Air travel top 'web-enabled' sector

The air transport industry is tops for using tech and the web, but they could save even more cash by taking it further, according to a survey by SITA, a provider of IT business solutions and communication services to airlines.

Paul Coby, SITA's chairman, said: "The air transport industry has now become the world's first truly web-enabled industry," Coby said. "IT enabled airlines to make both major savings and improve customer service after 9/11. But in these challenging times with oil at over $130 [65] a barrel, there is now an even more urgent need to deploy technology to serve airline customers, save costs, and to equip airline staff with effective technology to do their jobs better."

The survey showed that the main reasons airlines invest in technology are to reduce costs (62 per cent), improve customer service (54 per cent), to enable new revenue opportunities (45 per cent), and to improve workforce productivity (40 per cent).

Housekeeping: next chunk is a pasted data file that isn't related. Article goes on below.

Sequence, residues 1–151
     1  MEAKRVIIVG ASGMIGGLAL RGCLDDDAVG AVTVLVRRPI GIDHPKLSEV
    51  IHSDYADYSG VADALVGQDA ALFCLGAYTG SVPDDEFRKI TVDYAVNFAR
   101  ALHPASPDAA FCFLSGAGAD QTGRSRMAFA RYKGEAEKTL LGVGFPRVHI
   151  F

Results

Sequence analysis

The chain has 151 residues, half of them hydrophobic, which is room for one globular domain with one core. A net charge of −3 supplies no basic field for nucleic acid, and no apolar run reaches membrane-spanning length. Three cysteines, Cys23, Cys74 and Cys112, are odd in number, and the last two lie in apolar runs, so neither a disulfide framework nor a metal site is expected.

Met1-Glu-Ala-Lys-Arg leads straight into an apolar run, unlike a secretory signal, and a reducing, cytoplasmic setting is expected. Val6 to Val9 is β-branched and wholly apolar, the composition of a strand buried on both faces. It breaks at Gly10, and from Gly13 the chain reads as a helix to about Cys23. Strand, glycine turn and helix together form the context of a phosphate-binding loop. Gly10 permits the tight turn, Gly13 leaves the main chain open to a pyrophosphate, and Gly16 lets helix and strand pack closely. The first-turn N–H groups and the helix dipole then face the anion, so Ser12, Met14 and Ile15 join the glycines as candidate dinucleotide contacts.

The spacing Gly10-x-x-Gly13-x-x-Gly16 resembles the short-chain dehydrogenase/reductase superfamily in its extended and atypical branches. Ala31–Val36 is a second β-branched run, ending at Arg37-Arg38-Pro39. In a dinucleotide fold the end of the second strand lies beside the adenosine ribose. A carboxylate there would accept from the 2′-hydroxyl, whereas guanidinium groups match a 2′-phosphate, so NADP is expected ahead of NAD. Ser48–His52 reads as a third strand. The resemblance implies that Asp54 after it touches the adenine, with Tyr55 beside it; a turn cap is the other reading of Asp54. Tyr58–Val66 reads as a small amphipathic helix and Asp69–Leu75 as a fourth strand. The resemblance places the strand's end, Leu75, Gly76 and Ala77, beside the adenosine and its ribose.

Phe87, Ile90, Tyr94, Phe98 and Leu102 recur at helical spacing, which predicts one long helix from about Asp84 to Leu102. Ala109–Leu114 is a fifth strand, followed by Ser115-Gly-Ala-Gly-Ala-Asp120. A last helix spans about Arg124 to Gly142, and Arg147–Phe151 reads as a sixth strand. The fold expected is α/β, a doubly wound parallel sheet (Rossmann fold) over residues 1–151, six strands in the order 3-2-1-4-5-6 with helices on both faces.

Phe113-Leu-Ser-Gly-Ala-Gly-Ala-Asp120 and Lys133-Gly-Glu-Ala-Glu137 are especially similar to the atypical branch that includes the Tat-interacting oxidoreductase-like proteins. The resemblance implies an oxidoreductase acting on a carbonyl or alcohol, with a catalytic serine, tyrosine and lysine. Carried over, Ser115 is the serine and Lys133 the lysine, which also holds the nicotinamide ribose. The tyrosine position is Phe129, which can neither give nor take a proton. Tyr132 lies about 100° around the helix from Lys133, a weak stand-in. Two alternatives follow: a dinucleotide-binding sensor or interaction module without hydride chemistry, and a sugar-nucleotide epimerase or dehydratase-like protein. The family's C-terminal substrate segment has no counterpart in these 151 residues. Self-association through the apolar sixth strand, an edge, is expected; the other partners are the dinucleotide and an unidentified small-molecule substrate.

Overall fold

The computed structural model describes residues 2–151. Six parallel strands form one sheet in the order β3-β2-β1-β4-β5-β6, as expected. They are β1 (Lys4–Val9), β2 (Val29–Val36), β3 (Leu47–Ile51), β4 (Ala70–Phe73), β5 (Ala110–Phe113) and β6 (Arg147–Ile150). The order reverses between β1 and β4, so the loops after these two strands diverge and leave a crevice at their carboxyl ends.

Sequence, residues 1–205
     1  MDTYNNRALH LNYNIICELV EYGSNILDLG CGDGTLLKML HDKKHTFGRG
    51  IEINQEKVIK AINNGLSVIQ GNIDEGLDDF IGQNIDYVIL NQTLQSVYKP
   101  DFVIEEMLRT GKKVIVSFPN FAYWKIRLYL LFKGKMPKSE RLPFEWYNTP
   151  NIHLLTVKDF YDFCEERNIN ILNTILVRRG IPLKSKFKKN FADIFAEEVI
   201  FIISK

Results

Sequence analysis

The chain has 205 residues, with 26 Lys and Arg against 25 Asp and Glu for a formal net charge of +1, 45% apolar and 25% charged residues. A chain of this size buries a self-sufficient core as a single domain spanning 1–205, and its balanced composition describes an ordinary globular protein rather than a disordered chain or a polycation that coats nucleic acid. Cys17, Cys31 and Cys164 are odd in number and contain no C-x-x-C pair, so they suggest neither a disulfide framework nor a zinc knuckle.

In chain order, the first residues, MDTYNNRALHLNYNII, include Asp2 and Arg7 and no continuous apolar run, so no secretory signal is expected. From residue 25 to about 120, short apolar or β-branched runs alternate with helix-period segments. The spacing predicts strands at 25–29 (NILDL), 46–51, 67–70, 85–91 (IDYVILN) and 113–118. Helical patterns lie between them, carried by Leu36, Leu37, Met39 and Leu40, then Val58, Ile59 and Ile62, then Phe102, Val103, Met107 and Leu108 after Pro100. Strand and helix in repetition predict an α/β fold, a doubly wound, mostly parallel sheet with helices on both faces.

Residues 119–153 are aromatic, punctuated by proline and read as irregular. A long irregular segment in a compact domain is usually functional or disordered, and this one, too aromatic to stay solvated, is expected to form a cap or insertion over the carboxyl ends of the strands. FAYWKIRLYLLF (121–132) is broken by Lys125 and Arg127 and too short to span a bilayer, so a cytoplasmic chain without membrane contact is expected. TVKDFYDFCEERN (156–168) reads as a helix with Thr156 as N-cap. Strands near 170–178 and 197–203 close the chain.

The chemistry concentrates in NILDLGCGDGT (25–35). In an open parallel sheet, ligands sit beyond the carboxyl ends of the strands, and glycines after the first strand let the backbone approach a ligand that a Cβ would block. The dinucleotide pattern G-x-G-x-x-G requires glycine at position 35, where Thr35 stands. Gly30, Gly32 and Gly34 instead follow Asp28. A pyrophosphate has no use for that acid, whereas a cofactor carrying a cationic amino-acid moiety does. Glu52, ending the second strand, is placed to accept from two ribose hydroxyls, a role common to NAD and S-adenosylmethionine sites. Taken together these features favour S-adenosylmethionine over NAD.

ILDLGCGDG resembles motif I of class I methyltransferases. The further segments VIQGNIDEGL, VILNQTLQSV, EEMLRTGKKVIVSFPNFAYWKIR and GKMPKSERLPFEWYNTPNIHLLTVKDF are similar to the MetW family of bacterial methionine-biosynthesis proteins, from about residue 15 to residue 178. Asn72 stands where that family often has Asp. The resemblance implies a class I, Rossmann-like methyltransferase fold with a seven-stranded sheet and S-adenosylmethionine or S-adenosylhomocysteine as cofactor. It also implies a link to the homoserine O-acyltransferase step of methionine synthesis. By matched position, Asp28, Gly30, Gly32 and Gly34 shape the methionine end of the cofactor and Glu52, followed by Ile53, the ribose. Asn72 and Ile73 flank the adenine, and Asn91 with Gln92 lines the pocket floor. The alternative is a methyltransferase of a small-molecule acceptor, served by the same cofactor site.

One of the biggest technological money-savers is online sales of tickets, saving airlines about $2 billion (1 billion) a year in distribution costs. However, only about 1 in 4 airlines worldwide offer the option for customers to buy their tickets online, a service that SITA said is one of the more important technological steps for airlines looking to save money.

"A very important source of revenues is clearly being lost to those airlines not using web selling at a time when everyone in the industry needs to maximize returns on their IT spending," Coby said.

The survey revealed that airlines currently spend an average of $11 billion (5.5 billion) on IT investments, a five per cent increase from last year. Airlines are spending 63 per cent of that money on passenger processing and services, 44 per cent on aircraft management and operations, 34 per cent on passenger security, and 21 per cent on employee security.

Passenger services already in place mostly consist of self-service technology. Over half the airlines offer web check-in, 21 per cent offer self-boarding kiosks, 1 in 4 offer online trip-change services, and 12 per cent offer lost baggage self-services.

Some 21 per cent of airlines also offer mobile phone check-in services, and while only one per cent of passengers currently use this service, airlines are forecasting that use will increase by next year when over half of airlines will offer the option.